The Daily Sentinel from Grand Junction, Colorado on January 7, 1985 · 3
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The Daily Sentinel from Grand Junction, Colorado · 3

Grand Junction, Colorado
Issue Date:
Monday, January 7, 1985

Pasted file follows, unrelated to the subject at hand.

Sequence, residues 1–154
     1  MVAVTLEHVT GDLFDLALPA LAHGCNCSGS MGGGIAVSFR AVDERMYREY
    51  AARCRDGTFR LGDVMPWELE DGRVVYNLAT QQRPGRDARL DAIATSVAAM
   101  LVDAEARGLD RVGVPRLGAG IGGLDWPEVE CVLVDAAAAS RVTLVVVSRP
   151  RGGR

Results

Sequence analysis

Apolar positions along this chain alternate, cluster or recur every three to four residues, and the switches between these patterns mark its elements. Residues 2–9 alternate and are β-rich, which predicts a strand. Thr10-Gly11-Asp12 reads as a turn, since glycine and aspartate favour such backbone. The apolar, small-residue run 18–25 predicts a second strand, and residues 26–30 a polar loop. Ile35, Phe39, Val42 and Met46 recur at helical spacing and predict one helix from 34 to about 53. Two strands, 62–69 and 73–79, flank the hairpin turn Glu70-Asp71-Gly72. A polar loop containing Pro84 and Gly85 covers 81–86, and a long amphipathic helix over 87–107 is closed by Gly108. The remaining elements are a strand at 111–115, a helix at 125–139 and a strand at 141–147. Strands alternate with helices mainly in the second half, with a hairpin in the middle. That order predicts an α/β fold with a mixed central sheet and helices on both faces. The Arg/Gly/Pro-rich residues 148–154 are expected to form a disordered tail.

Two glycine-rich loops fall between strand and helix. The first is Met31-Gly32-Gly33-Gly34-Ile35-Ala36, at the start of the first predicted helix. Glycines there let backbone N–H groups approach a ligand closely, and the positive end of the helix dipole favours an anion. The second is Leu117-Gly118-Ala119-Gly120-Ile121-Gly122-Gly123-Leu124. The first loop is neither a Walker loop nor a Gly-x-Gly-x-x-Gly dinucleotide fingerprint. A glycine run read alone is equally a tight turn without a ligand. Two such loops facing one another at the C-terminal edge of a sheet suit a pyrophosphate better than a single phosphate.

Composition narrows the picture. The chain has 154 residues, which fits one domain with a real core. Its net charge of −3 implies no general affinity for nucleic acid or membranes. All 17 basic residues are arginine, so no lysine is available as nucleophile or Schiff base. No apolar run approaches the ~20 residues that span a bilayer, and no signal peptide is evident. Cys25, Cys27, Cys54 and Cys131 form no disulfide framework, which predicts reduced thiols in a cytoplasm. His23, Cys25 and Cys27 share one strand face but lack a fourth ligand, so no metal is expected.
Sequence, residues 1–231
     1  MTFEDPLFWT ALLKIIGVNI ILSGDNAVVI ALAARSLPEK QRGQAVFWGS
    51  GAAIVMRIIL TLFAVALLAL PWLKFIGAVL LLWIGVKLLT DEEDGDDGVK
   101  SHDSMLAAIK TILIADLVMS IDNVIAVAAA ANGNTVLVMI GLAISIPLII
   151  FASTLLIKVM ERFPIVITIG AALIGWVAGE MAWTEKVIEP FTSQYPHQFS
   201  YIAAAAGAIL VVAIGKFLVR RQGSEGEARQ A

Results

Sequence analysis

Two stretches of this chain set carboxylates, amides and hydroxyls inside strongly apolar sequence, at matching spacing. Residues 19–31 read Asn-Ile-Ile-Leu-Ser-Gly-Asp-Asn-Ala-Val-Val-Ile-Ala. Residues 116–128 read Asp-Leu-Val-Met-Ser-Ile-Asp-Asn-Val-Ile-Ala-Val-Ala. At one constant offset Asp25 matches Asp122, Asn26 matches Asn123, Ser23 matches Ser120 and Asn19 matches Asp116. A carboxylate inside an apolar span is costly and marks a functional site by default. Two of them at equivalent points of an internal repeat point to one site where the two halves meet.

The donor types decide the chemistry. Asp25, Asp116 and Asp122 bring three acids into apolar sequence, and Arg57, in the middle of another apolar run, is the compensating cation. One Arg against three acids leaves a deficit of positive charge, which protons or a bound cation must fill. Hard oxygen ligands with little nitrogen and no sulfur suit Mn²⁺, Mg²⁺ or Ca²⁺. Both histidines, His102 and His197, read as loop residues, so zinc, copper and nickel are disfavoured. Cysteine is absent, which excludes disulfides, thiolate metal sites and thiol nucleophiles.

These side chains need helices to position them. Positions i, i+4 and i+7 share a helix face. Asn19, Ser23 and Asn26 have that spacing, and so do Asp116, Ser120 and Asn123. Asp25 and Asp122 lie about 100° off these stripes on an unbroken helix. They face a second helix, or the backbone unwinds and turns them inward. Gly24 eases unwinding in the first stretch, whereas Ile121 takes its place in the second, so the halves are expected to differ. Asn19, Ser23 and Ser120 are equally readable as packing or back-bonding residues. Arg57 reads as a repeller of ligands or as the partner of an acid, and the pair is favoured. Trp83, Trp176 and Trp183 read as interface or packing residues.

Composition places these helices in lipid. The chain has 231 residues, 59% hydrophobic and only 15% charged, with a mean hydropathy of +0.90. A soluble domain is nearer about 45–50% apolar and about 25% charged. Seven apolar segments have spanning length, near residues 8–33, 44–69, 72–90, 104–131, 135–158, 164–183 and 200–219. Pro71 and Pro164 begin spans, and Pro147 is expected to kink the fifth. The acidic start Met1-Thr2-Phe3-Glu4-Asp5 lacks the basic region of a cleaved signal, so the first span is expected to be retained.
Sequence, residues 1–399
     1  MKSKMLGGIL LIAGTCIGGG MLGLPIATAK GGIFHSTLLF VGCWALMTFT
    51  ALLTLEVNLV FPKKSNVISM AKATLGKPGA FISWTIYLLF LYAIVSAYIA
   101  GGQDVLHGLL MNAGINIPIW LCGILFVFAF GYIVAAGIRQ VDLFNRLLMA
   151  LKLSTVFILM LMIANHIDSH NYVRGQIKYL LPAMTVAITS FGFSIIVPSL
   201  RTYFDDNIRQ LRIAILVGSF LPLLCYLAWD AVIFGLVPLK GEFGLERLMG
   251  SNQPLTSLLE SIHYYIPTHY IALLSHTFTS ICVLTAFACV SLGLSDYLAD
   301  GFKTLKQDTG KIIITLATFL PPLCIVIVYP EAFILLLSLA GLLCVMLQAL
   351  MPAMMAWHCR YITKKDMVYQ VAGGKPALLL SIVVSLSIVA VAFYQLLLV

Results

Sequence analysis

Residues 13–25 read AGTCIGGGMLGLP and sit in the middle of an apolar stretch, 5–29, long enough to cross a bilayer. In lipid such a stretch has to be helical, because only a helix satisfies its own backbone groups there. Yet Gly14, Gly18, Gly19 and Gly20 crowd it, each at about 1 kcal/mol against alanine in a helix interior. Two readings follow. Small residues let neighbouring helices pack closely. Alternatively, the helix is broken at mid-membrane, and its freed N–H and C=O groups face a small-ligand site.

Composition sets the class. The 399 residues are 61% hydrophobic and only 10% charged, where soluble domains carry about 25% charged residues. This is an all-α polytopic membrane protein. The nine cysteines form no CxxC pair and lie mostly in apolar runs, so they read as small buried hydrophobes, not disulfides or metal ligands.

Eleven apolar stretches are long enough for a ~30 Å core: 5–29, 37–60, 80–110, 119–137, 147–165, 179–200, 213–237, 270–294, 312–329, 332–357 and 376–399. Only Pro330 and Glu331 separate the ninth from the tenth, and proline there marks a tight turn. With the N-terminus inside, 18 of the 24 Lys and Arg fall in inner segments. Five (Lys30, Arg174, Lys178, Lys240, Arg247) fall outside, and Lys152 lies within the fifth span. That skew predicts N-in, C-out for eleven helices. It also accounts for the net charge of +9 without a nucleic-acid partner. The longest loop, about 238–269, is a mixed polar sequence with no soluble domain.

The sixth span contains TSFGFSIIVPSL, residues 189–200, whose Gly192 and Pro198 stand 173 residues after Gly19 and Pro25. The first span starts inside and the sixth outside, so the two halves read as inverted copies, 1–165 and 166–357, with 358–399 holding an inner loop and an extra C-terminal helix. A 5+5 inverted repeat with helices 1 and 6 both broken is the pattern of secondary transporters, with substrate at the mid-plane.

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-. r r ( r .. . ; ..t, m ".in T wfftPmvmSA The Rockies Gov. Lamm assails U.S. Senate Debating club is ineffectual DENVER Alter announcing he would not seek re-election in two years nor run' for the U S. Senate, Gov. Richard Lamm has enlarged on his reasons and labelled the U.S. Senate "ineffectual." In a copyrighted story in Sunday editions of the Rocky Mountain News, Lamm also admitted he thinks he is presidential material but quickly added that all politicians think that of themselves. He also squelched rumors that he might seek the office of president of the University of Colorado at Boulder because of his adversary relations with the Legislature. Lamm has picked up the nick name Governor Gloom" because of his dire predictions about America's shrinking economic pie and the crippling costs of health care and illegl immigration. Still, he has been considered a top Democratic candidate for the U.S. Senate in 1986 or 1990. There are three problems with that. No. 1 is the price you have to pay to get there. I dont want to have to raise $3 million again. 1 dont want to have to go through that its outrageous. Second, it is true that in my last year as governor I will have both my kids (Scott, 17, and Heather, 14) at home. My family has always been my top priority "Third, if I win, what do I have Im a member of a debating club the most ineffectual institution of the last 30 years. I cant see Congress as solving problems. Its deferring them .. If I got back there (Washington), I think my frustration level would go right through the roof," he said. Although he did not rule out pursuing another public office, he said he saw his role as author, teacher and informal American prophet Sure, I've been forcasting some fairly dire things. With Old Testament certitude I can say this country is really on some very bad courses and it will lead us to a lot of grjef And you dont run for president on that," he said As for presidential aspirations, Lamm replied, "Sure, I'm presidential timber I look around and think' My God, thats terrific! But the practicality of that is that the average city councilman in Glendale also thinks hes presidential timber Thats the dilemma Meanwhile, Lamm says he plans to finish out his last two years as governor with undiminished energy From left, Mike Miller of Idaho Springs displays a photo and reward poster of missing youngster Jonelle Matthews, 12, of Greeley, while his wife, llene, holds a reward poster of her missing daughter, Beth, 15, during a news conference with Jim and Gloria Matthews. Beth has been missing since August, 1983, and Jonelle Matthews disappeared Dec. 20. Missing girls parents meet to share tips noolMPrM GREELEY Parents who have learned the hard way for more than a year how to deal with a missing daughter shared that knowledge Saturday with Gloria and Jim Matthews, whose 12-year-old vanished just weeks ago. "If you call on anybody, they will help," said Mike Miller, father of Beth Miller, 15, who disappeared from near the familys Idaho Springs home Aug. 16, 1983. "Call on people, Miller told the Matthewses. You cant do it yourself. Since Beth disappeared, the Millers said, they have issued 100,000 posters to ask for her return. Truckers distributed some nationally; others went in the mail to sheriffs departments. At a news conference after a five-hour meeting with the Millers, Mrs. Matthews said she hopes to get volunteers to help type addresses so that a reward poster on Jonelle Matthews can be sent to every sheriffs department in the country. So far, Matthews estimated, about 2,000' posters with Jonelles photo have gone out around the country via truckers. Mrs. Miller contacted the Matthews family last week, minutes after she heard them tell a television reporter that they thought the Millers could help explain how to search for Jonelle. - Miller showed reporters posters that feature a $20,000 reward for a bright-eyed, dark-haired Jonelle and a $10,000 reward for a slim, blonde Beth. We are expecting a miracle, said Mrs. Matthews. Mrs. Miller said more than 300 psychics have tried to locate Beth. "None of them have found Beth, but you never know, she said. Reports from all over the country also help, Miller said. Naturally you feel good when these things come in from Atlanta, Ga.; North Dakota, New York City, Miller said. You really feel good because that means your posters are still being seen. The reward money for Jonelle comes from pledges from friends, family and strangers, Matthews said. Bus drivers from Platte Valley School District Re-7 handed him a fresh apple pie and $60 in cash Friday, he said. Matthews is principal of Platte Valley Elementary School. The money cannot help Jonelle directly, he noted, adding that he believes she is strong enough to survive any hardship. As his wife and the Millers listened somberly, Matthews recalled his first meeting with Jonelle, after her adoption in Santa Barbara, Calif., at the age of 6 weeks. She gripped his thumb. It was a strong grip, he remembered. Its been that way ever since. I call her a survivor, if you would. From some of the stories (Ive heard) its going to take a survivor to get through all this. Batey teen focus of child-stealing trial toaeotatodPiwM SAN DIEGO A fundamentalist Christian woman who allegedly hid her son from his homosexual father for 19 months before surfacing in Denver was scheduled to go on trial today on charges of child stealing, r The charges against Betty Lou Batey, 40, stem from the 19-month disappearance of her son, Brian, while he was legally in the custody of his father, Frank Batey. . The scheduled start of the trial may be delayed, depending on the availability of a courtroom. During a custody modification hearing last year, Mrs. Batey admitted she took the boy in September 1982 and fled the state. The pair went underground for 19 months before surrendering to authorities in Denver in April. A member of the United Pentecostal Church, which considers homosexuality a sin, Mrs. Batey said she took the boy out of fear he would be corrupted by his fathers lifestyle. The couple divorced in 1975 after a four years of marriage. A judge switched custody of the boy from his mother to his father in 1982 after Batey complained his ex-wife had denied him court-ordered visitation rights. Batey contends his lifestyle has no bearing on his fitness as a parent. In addition to the criminal counts, Mrs. Batey was found in civil contempt of court for keeping the 13-year-old boy from his father against a court order. She is scheduled to be sentenced on the contempt charge next Friday and faces a possible $3,000 fine and 15-day jail term. On the same day, Superior Court Judge Judith McConnell has scheduled a review of the custody arrangement for Brian, who has been staying in a foster home. Following an 18-day custody modification hearing, McConnell ruled last November that Brian should remain in the foster home .rather than be placed with his mother or his father. Wire check Sentinel wire services Denver Fort Collins sees most hot' material As much as a fourth ofthe hazardous material shipped on Colorado highways passes through downtown Fort Collins, according to data being considered by the governor's group on toxic substances. Materials traveling through the northern Colorado city include radioactive substances, explosives and toxic chemicals, says the data, which was collected in October and made available to the study group last week. The panel will seek legislation directing the Colorado Department of Highways to restrict hazardous loads to routes away from populated areas, said group member Jeanne Faatz, R-Denver. Bill would outlaw disarming officers Colorado law enforcement associations are pushing a bill that would make it a felony crime to forcibly disarm a peace officer. Under present law, penalties for disarming a peace officer range from no citable offense to a minor misdemeanor crime of resisting arrest. If an officer is injured, felony charges could be filed, according to Sen.Tom Glass. D-Dillon. Glass introduced the bill last week that would make it a felony for anyone to take an officers weapon. The bill calls for sentences of up to eight years, depending on degree of force used. Glass said he agreed to sponsor the bill after learning that 20 percent of police officers shot in the United States are Wounded with their own guns. High Voltage' can be seen at show A four-legged celebrity, who was snapped up for a record $1.5 million during last years National Western Stock Show, will visit two Denver hotels this week. High Voltage, a purebred, black Angus bull, was sold last year by Bear Creek Ranch of Cameron, Mont., to the Leatherstocking Farm at Easton, N.Y., for the highest price ever paid for a breeding bull. He will be on public display in the south convention lobby of the Denver Radisson formerly the Denver Hilton from 5 a.m. to 9 p.m. Friday, and in the Brown Palace Hotel lobby from 11 a.m. to 4 p.m. Saturday. . He was purchased via a "private treaty transaction, in which the buyer and seller discuss the sale and agree on a price without going through any formal sales channels. November jobless rate falls to 57 Colorados unemployment rate fell to 5.7 percent in November from a rate of 5.9 percent in October, the director of the state Department of Labor and Employment said today. Ruben Valdez, executive director of the labor department, also said the number of people employed in the state established a record in November. He said the seasonally adjusted rate change was caused partly by poor weather worsening the picture in October. He said the 5.7 percent jobless rate in Colorado in November was the same level reported in November 1983. Valdez added that improving weather since November has not substantially reduced the jobless rate further. Reasons, he said, include recent, massive layoffs at high-tech employers in Boulder County, such as Storage Technology Corp. He said total numbers of Coloradans employed hit a record 1,652,100 in November. Employment continues to be a bright spot in Colorados economic picture as larger-than-seasonal gains in several industries pushed the number of jobholders up by 12,400," said Valdez. Golden Flats still worrying ex-health official Former Jefferson County health director Carl Johnson said that despite his $150,000 settlement with county officials over his controversial firing, serious questions remain concerning government secrecy. Johnson did not get his $62,400-a-year job back in the settlement He contended throughout the 3 12-year lawsuit that his 1981 firing was because of his critical studies on radipactiveTeleases from Rocky Flats nuclear weapons plant northwest of the Denver metropolitan area. He said the federal government lied when it said no significant amounts of plutonium or other radioactive materials were released into the air during fires at Rocky Flats in 1957 and 1969. Johnson said county officials wanted his Rocky Flats studies stopped because they had scared away developers. TW Paly mlil (USPS 145-900) Published live weekday afternoons and Saturday and Sunday mornings at 734 S. Seventh St., Grand Junction, CO. 81502. Second Class Postage paid at Grand Junction, CO. Suggested retail price: $1.35 per week home delivery, $70.20 per year; single copy 25 cents daily and 50 cents Sunday; by mail $2.10 per week, $109.20 per year. "POSTMASTER: Send address changes to The Daily Sentinel P.O. Box 668, Grand Junction, CO. 81502". r NEW JANUARY PRICES-UP TO 30 OFF CARLSON MEMORIALS Where Every Memorial Is Carved With Care And Understanding 237 SOUTH AVE.-EAST OF AMTRAK DEPOT L GRAND JUIMCTIOlM-242-7264 Common Stock Price $1 per share - minimum investment is $250 to purchase 250 shares. Lift Mesa County, Inc. is a development stage corporation which proposes to engage primarily in the business of acquiring majority control of and actively managing companies or to a limited extent investing in companies which have significant operations in, or which are willing to relocate significant operations to, Mesa County, Colorado. All acquisitions and investments will be made with a view to revitalising the economy of Mesa County by increasing and maintaining job opportunities there. For more information about this LIFT Mesa County, Inc. Common Stock offering, you may obtain a preliminary prospectus, without obligation. 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